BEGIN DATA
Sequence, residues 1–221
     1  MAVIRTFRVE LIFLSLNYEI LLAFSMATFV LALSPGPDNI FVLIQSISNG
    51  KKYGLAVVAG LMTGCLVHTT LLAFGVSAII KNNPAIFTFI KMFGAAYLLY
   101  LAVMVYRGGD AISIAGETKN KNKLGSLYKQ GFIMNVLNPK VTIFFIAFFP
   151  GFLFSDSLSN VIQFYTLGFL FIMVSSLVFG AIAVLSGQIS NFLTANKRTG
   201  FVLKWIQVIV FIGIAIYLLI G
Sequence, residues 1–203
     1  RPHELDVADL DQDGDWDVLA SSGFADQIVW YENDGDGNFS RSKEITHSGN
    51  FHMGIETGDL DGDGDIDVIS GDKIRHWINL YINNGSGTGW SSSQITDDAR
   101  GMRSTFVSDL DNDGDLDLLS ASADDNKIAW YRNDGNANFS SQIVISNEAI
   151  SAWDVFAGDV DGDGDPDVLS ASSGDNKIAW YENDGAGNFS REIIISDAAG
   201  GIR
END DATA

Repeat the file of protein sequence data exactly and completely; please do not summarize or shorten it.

Sequence, residues 1–221
     1  MAVIRTFRVE LIFLSLNYEI LLAFSMATFV LALSPGPDNI FVLIQSISNG
    51  KKYGLAVVAG LMTGCLVHTT LLAFGVSAII KNNPAIFTFI KMFGAAYLLY
   101  LAVMVYRGGD AISIAGETKN KNKLGSLYKQ GFIMNVLNPK VTIFFIAFFP
   151  GFLFSDSLSN VIQFYTLGFL FIMVSSLVFG AIAVLSGQIS NFLTANKRTG
   201  FVLKWIQVIV FIGIAIYLLI G
Sequence, residues 1–203
     1  RPHELDVADL DQDGDWDVLA SSGFADQIVW YENDGDGNFS RSKEITHSGN
    51  FHMGIETGDL DGDGDIDVIS GDKIRHWINL YINNGSGTGW SSSQITDDAR
   101  GMRSTFVSDL DNDGDLDLLS ASADDNKIAW YRNDGNANFS SQIVISNEAI
   151  SAWDVFAGDV DGDGDPDVLS ASSGDNKIAW YENDGAGNFS REIIISDAAG
   201  GIR